Why privacy advocates argue the conviction of Tornado Cash dev Alexey Pertsev ‘harms everyone’

Why privacy advocates argue the conviction of Tornado Cash dev Alexey Pertsev ‘harms everyone’
Tornado Cash developer Alexey Pertsev was convicted for money laundering charges on Tuesday. Credit: Darren Joseph/DL News.
  • Crypto watchers call Pertsev's guilty verdict a 'watershed moment.'
  • Anger and frustration gripped the DeFi community in wake of guilty verdict.
  • Experts turn to fellow Tornado Cash developer Roman Storm’s trial in the US.

The conviction of Tornado Cash developer Alexey Pertsev is sending ripple effects through the blockchain industry, which is bracing for a long-foreseen chilling effect.

This is likely to deter devs from building privacy and security enhancing digital tools, said Aaron Mackey, senior staff attorney at the Electronic Frontier Foundation, a non-profit digital rights group based in San Francisco.

“Holding a developer of beneficial tools responsible for the wrongdoing of others is short-sighted and harms everyone’s privacy online,” Mackey told DL News.

Five-year sentence

A court in the Netherlands sentenced Pertsev to more than five years in prison. On Thursday, his lawyers filed an appeal.

Since his arrest in 2022 following the US government’s sanction of Tornado Cash, a crypto mixer, industry experts and legal experts have feared legal action that would make it risky to anonymise DeFi payments.

Even as the community contended it was wrong to criminalise codewriting and software development, Pertsev’s case emerged as a key test. Now that the verdict is in, DeFi will have to adjust.

“It’s a watershed moment for privacy and public permissionless blockchains,” said Erwin Voloder, head of policy at the European Blockchain Association.

“Ultimately as code cannot stand trial, in this unfortunate case — a developer did.”

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‘Alexey is the unwanted martyr.’

—  Eléonore Blanc, Crypto Canal

Tornado Cash is a decentralised, open source protocol that obfuscates crypto transaction history and grants anonymity to its users.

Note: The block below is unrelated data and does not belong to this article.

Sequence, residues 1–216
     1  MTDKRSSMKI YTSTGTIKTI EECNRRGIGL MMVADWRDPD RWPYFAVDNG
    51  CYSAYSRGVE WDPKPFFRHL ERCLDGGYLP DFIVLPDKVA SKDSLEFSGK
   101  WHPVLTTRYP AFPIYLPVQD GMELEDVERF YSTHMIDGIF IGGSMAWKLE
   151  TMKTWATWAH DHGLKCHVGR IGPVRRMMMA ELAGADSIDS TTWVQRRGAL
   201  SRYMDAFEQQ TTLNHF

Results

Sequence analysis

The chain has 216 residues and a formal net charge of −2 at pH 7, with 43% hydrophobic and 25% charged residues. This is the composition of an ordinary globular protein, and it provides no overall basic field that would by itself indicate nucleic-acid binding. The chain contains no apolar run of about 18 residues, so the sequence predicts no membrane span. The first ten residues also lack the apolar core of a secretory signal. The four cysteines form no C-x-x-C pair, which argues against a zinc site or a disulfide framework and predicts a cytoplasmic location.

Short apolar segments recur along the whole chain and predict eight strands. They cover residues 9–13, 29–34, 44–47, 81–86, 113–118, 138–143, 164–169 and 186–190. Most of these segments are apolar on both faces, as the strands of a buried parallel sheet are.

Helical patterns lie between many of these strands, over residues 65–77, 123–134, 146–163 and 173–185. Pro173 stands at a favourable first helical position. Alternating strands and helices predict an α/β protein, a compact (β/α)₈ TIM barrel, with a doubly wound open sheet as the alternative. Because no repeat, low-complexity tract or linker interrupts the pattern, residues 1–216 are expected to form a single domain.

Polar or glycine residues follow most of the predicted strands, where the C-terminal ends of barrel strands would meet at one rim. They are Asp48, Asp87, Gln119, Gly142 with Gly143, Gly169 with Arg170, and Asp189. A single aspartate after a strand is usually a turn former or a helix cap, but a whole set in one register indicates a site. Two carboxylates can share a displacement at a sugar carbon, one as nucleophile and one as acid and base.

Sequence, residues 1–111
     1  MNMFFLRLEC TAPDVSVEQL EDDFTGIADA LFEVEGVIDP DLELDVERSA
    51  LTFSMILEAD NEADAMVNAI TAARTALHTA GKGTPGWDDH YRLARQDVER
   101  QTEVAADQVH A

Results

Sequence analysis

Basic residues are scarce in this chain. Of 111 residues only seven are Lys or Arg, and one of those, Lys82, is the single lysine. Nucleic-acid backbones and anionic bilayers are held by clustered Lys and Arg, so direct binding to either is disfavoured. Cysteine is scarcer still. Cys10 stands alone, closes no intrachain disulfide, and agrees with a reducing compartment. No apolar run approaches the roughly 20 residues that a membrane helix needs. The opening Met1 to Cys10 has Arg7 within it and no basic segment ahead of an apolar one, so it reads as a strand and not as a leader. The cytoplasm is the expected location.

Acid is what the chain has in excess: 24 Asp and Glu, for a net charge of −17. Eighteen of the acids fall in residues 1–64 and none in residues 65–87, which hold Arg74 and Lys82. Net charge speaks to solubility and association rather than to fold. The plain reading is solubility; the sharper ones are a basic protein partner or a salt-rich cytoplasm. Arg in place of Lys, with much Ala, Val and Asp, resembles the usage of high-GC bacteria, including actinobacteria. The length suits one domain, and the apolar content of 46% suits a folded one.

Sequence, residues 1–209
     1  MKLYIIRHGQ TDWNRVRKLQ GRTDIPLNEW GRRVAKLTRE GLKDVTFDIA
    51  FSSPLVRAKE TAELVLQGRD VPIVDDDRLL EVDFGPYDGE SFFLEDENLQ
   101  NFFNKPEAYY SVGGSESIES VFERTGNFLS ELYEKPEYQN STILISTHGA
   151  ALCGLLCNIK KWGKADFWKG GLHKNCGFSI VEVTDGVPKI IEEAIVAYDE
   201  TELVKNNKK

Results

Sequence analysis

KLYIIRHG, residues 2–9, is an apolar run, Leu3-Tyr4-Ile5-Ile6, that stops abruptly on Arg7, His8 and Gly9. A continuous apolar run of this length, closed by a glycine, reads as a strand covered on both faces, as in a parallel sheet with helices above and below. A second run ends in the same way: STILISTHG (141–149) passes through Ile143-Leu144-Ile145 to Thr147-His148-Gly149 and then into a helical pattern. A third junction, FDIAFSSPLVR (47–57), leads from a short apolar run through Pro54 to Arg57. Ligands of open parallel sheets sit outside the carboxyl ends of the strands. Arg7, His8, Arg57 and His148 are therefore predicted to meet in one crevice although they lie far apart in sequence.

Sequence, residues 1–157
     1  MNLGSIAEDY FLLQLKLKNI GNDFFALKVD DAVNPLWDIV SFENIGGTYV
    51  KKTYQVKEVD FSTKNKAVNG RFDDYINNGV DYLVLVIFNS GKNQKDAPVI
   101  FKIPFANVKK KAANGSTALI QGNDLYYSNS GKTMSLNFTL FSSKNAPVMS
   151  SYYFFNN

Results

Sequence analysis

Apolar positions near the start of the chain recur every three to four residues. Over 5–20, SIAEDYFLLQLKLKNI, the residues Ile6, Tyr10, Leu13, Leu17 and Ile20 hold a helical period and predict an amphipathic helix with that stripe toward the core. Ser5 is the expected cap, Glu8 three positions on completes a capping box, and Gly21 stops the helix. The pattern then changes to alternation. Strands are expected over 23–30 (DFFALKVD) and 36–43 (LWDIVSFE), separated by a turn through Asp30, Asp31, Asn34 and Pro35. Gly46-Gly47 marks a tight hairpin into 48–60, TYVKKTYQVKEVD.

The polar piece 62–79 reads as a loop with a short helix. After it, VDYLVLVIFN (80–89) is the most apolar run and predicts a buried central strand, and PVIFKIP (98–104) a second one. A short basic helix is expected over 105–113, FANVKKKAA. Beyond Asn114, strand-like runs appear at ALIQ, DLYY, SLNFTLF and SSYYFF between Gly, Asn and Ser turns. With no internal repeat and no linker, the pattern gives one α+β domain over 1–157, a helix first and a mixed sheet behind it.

While its developers designed Tornado Cash as a privacy solution to otherwise public records visible on the Ethereum blockchain, it has also served as a tool for laundering illicit funds.

The Dutch court noted that $2.2 billion has been laundered through Tornado Cash. North Korean cybercrime organisation Lazarus Group used it to conceal proceeds from hacks of crypto exchanges and DeFi platforms.

During his trial, Pertsev contended he could not be held responsible for how others use the tool. And, since it is built on automated smart contracts with an open source code, he couldn’t do anything to stop it.

The court ruled that Pertsev and his fellow developers should have thought of how others may abuse Tornado Cash before they first launched it in 2019.

“Alexey is the unwanted martyr,” Eléonore Blanc, community organiser and founder of the Amsterdam-based Crypto Canal wrote on X. “Ashamed of the Dutch judicial system,” she tweeted. “Blind and deaf to true innovation.”

Privacy-enhancing technology

Privacy is a core value in the ethos that propelled the crypto industry.

Harry Halpin, CEO of privacy-protection platform Nym, said it was a “tragedy” that developers creating privacy solutions are prisoned for the actions of malicious actors.

Following this logic, bankers would be jailed “as the vast majority of money laundering by non-state and state actors is in cash and via traditional banking rather than cryptocurrency,” he told DL News.

“As privacy-enhancing technologies are historically embraced by EU and Dutch law… I see no reason for Alex not to lodge an appeal in the European Court of Human Rights in Strasbourg,” Halpin said. “It’s an appeal he would likely win.”

Eyes on the US trial

Pertsev’s appeal may get his case a fresh hearing. For now, all eyes are turning to Tornado Cash developer Roman Storm’s case.

Storm is set to stand trial in the US in September. His motion to dismiss the case has been countered by federal prosecutors, despite the support of the largest blockchain trade associations and industry players.

“I would hope that it wouldn’t have an impact on a completely different trial over here,” Laura Sanders, policy counsel at the Blockchain Association told DL News. It is unlikely the court will be able to use Pertsev’s case in its evidence.

EFF’s Mackey, however, previously told DL News that Pertsev’s trial outcome may foreshadow Storm’s.

Meanwhile, the chilling effect appears to already be underway.

“There’s been more hesitation to develop in the US and I know a lot of developers and entrepreneurs are thinking about moving outside the US, which is a very unfortunate outcome,” said Marisa Coppel, the Blockchain Association’s legal head.

Inbar Preiss is DL News’ regulation correspondent. Contact the author at inbar@dlnews.com. Aleks Gilbert is DL News’ New York-based DeFi correspondent. You can reach him at aleks@dlnews.com.